Wednesday, 16 May 2012

Potatoes, Celebrities and Ornament in Contemporary Art

Is this a blog post about potatoes or is it really about the merits (or not) of decoration in contemporary art? That question sounds intriguing but maybe it just demonstrates the power of the humble potato! You only have to say the word ‘potatoes’ in our house and someone will respond with, “What’s Taters?”, a line from Lord of the Rings which was immortalised in this classic little Albino Blacksheep animation .

I have a love of art galleries and museums and for me visiting them is akin to dipping your hand into a deep bran tub of treasures; you just don’t know what you will pull out. You may have visited for a museum for a specific reason but while there you are guaranteed to stumble across other unexpected delights. 

Back in October 2011 I visited Brighton Museum and Art Gallery. It had been more than ten years since my last visit but I did remember that they had a good collection of furniture design classics which I fancied seeing again. 
However it has been this ceramic potato that has haunted me for these past few months (see photo above).
I really did a double take when I first saw it; it looked like a potato and yes the label confirms that it is in fact a ceramic stirrup cup in the shape of a potato. I know that fruit and vegetables have inspired ceramic artists for years but this is a potato not something pretty like a pineapple! I mean are the eyes on the surface of this potato decorative... they do say ‘beauty is in the eye of the beholder’! 

Over the past months questions around this potato’s beauty and decoration have lurked in my mind. Of course there are the other questions too;  I have wondered if there is any link at all between the choice of decoration and the function of this 18th century stirrup cup. It could be that its owner’s spirit of choice was Poitín (made from fermented potatoes) or maybe the potter just had a sense of humour and a bit of a thing about potatoes? You can spend too much time pondering over such things.

There is an ongoing debate about the role of Decoration in Contemporary Art and you can watch this ICA video What is the Use of Ornament in Contemporary Art and Architecture? for more on that. A fair chunk of the debate revolves around architecture but if you want the most entertainment fast forward to 25 minutes in when Grayson Perry speaks.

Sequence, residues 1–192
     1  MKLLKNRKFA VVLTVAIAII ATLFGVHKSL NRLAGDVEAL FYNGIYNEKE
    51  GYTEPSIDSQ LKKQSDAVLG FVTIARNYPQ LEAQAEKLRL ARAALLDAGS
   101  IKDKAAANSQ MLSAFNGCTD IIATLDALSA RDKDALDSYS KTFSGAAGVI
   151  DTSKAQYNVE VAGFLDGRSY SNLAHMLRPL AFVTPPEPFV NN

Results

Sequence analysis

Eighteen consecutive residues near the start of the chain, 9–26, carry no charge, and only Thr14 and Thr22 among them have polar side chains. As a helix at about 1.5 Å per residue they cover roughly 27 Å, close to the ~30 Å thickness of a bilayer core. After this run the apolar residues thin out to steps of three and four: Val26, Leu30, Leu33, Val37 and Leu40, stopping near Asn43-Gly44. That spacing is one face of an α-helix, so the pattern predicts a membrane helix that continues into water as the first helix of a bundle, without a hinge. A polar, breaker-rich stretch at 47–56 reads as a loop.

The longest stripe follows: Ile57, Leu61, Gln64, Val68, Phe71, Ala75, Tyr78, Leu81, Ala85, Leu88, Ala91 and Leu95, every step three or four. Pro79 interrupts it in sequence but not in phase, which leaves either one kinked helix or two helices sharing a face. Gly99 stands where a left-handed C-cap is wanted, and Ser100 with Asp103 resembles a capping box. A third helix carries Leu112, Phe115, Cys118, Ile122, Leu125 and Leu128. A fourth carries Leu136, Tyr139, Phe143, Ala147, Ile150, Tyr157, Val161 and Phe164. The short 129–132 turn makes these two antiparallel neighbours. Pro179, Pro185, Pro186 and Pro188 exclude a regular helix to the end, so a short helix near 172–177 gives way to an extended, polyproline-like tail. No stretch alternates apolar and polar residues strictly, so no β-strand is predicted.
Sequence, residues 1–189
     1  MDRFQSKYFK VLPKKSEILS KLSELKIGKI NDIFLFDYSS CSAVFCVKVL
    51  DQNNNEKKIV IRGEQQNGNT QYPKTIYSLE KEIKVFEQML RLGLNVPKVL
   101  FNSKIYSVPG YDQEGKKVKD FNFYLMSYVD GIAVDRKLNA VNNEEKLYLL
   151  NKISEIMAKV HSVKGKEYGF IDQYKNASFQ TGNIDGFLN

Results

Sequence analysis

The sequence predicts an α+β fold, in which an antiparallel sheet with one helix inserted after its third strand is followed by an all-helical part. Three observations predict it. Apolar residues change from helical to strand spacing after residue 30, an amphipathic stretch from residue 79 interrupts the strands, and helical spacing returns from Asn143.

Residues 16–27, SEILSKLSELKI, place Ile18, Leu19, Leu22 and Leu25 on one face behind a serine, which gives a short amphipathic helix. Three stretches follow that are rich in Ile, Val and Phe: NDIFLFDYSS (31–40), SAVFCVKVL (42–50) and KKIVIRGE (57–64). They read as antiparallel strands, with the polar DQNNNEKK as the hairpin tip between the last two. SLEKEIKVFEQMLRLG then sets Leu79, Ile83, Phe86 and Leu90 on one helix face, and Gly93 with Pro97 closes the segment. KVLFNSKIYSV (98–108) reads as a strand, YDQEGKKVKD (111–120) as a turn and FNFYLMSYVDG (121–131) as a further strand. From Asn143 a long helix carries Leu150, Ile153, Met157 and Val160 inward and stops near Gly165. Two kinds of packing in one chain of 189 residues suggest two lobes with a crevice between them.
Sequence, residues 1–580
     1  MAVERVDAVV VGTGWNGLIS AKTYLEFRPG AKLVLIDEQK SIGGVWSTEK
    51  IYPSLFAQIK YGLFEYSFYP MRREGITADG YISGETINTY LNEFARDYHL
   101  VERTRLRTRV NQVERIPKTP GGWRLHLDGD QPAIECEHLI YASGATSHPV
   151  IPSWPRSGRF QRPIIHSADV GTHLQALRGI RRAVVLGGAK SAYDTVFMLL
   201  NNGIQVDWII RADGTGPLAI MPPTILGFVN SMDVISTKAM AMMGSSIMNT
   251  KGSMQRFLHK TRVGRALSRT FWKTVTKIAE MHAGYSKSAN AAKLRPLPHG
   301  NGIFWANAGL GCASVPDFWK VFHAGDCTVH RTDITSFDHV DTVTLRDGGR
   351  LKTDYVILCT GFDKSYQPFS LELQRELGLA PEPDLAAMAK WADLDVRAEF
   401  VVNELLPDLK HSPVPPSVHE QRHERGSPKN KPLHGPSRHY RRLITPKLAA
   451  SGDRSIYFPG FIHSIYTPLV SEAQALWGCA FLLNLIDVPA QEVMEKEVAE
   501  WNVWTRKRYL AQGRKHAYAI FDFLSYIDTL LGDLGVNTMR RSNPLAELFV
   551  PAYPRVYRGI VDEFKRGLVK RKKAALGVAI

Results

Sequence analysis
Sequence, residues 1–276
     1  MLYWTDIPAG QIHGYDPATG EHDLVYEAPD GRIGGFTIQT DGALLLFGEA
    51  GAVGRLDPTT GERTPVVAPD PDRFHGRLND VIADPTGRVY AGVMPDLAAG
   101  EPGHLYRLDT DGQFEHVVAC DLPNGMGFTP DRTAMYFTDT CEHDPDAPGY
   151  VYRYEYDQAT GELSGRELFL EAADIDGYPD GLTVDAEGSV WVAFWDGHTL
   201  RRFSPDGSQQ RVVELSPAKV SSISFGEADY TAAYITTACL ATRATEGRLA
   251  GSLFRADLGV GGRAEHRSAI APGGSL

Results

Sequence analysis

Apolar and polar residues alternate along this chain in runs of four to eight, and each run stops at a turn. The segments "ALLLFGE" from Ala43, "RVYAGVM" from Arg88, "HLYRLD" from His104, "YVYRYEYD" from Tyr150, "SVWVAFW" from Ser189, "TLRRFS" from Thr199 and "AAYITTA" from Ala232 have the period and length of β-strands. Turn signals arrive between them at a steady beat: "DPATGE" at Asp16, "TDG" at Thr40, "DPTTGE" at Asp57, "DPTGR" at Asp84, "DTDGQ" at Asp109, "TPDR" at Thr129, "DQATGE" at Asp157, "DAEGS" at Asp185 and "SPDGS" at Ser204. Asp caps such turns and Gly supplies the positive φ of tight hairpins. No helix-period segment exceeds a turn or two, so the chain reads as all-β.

Grayson and I have something big in common we both believe in the power of stories; we both believe that humans thrive on stories and actually need them to keep us sane. In his presentation Grayson points out that decoration is used to tell stories so in fact decoration is actually providing a much needed function; decoration is adding to our wellbeing and keeping us sane.

I am a fan of his playful approach and humour. Playfulness doesn’t mean that a piece of art is lightweight, no far from it. I would say that we need an element of playfulness to lighten the heavy load of life. Playfulness and humour give us a lift and remind us of all the fun that there is to be had. 

I will shortly be exhibiting in At Play 2012. Boris is one the six Frillip Moolog beings included in this 3 venue project. Although I like detail (some would say decoration) I am not drawn to ‘fussy’ and patterned fabrics or materials. Boris is one of the exceptions as a major component of this strange little being is the vintage Win-el-Ware table mats. 

Why do I have several sets of these mats, is their appeal the kitschness of the (decorative) images? What is kitsch? (Watch the complete ICA video to hear Charles Jenks thoughts on kitsch and postmodernism). 
Boris by Kirsty E Smith 2008

For me I think that the strongest appeal of these mats is because of the stories that they tell. They obviously remind me of a time when a visit to your grandma would mean a tea table laid with them (remember High-Tea). Their small size reminds us how items of food have all got so much bigger now (except WagonWheel biscuits). Their images tell stories; I mean fox hunting images on polite table mats, that would be unheard of now! 

When I made Boris I did have some politically incorrect thoughts such as, “Foxhunting is thirsty work.” 
Of course the potato above is labelled as being a stirrup cup so maybe a good swig of something strong at the beginning of the hunt and then a nice cup of tea at end?
Vintage Win-el-Ware tablemats
I have been saving these food themed Win-el-Ware mats for the right occasion. But they lead me to thoughts of perfect hostesses and chiffon negliges. 

Take a mythogeographical detour and have a peek at my (very entertaining) cookery book Celebrity Cooking: dishes chosen by the famous
It was a whole different world back in 1967 when the secret ingredient in Meat Loaf Exotique’s was a banana and Julie Andrew’s very basic recipe was upgraded from stew to casserole. 
Grayson Perry’s selected slides for his contribution to the What is the Use of Ornament in Contemporary Art and Architecture? debate at the ICA are eclectic. They range from gothic churches and castles in Bavaria to a couple of his own pots and also include a photo of some decorative tiles ("looking like a poor man’s Guernica") outside a butcher’s shop in France. Yes eclectic that appeals to me; I enjoy taking inspiration from all around me.

I too have a nice photo of tiles in a Spanish doorway but for an extra special tiling job you have to make a special visit to the public toilets in Chichester.

Now what story was this workman telling us; was he homesick for his farm childhood or was he just bored stiff? I see a freethinking artist breaking loose from the shackles of council regulations.

At Play 2012
Dates for New Ashgate Gallery element of this 3 venue exhibition
08 Jun-14 Jul 2012
Tuesday to Saturday 10am to 5pm
New Ashgate Gallery, Waggon Yard, Farnham, Surrey, GU9 7PS.UK

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